In 1997, when the Asian Crisis broke, equities tumbled in a flurry of panic selling. Markets were down between 60 – 70% in the first downdraft. When Asian governments rushed to bailout their banks and corporates the market found its footing and rallied between 50 – 100% as disbelief was converted to relief.

All the financial engineering and arm twisting could not address the broader more deep rooted causes of the crisis and with time markets began to price in fundamentals. Asian market made new lows, between 20 – 50% lower than the 1997 lows.

2008 is a bit different. The scale is different. The world economy is in a synchronized slow down. But the psychology that drives markets is pretty much the same. Complacency, fiddling while Wall Street burns, somewhere there is a whiff of smoke, it turns to panic, the panic spreads, soon the fire is the least of concerns as a stampede for the exit begins, the fire is put out, order returns, people cheer, and then somebody looks at the ruins. Eventually, however, the rebuilding begins.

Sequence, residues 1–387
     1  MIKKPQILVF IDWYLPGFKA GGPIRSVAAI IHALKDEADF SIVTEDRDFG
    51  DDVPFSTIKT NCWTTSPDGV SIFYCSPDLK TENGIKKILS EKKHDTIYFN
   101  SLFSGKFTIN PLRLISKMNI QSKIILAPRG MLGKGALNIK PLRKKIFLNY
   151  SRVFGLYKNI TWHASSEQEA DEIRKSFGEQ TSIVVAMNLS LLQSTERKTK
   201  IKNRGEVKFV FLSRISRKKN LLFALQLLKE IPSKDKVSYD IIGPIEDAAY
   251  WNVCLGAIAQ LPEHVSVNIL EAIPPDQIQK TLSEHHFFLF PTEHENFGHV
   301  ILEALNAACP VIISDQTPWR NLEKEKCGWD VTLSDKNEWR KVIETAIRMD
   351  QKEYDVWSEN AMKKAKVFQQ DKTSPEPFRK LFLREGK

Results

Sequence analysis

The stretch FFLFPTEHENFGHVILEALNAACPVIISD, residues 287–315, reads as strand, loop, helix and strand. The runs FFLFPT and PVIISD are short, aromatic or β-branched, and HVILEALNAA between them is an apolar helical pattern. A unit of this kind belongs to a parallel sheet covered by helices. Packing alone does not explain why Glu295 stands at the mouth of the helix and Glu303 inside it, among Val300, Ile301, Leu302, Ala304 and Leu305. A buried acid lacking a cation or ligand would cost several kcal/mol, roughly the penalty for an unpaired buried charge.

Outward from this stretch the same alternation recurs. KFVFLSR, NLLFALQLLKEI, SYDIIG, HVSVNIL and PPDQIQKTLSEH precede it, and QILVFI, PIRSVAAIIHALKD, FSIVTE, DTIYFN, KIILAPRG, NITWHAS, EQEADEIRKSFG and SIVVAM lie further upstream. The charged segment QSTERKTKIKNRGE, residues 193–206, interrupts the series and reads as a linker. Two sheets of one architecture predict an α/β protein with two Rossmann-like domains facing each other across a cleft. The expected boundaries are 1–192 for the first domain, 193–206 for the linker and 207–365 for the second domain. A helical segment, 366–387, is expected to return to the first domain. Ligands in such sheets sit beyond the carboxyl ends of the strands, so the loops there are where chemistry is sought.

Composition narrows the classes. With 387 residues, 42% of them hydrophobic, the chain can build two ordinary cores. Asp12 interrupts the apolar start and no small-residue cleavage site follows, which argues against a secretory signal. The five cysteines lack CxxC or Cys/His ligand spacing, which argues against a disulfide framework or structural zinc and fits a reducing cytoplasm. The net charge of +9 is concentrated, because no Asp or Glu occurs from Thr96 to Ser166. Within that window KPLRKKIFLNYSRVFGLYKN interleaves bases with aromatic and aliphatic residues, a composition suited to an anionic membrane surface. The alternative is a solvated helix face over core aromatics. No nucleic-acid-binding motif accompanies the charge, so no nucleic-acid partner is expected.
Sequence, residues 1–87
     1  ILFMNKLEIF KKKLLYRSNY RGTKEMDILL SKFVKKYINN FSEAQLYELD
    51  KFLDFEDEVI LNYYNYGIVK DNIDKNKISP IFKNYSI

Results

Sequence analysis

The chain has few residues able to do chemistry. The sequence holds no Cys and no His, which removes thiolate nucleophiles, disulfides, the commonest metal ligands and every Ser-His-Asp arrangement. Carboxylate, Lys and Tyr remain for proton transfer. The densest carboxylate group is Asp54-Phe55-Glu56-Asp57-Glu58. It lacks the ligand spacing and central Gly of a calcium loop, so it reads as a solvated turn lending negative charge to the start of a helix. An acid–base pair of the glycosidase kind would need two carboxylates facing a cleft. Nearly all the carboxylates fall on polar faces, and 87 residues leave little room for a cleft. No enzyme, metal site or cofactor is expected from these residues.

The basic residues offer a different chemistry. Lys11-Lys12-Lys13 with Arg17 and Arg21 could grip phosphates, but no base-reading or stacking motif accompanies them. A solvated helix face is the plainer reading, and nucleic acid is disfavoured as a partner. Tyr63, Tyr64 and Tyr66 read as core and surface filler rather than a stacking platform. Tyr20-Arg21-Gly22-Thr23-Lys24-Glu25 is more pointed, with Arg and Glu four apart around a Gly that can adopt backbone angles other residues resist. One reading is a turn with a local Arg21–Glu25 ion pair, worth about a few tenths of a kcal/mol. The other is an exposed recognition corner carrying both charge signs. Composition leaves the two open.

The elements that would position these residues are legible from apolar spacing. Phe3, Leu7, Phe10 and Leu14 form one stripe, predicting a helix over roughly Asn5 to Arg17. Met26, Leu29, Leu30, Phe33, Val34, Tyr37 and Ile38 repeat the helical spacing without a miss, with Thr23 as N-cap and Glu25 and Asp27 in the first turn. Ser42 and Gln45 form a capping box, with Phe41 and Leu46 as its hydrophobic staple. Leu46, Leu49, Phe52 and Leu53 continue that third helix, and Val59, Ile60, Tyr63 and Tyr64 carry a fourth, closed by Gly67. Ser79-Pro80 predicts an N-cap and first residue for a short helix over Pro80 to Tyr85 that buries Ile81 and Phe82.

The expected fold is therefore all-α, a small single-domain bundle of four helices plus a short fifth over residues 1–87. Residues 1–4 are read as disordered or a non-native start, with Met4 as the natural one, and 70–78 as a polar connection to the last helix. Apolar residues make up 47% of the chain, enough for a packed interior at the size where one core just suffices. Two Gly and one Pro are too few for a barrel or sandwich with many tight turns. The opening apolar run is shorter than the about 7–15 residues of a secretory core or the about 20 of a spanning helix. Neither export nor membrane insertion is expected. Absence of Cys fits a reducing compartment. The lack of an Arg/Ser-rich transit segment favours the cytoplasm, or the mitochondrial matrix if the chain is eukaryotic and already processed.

As an aside, in 1997, as Asian governments nationalized parts of their economies, forced consolidation upon the banks, spent the public coffers on bailout plans, the IMF, the developed world and every academic worth his publications condemned these non market solutions that would doom the region to failure after failure.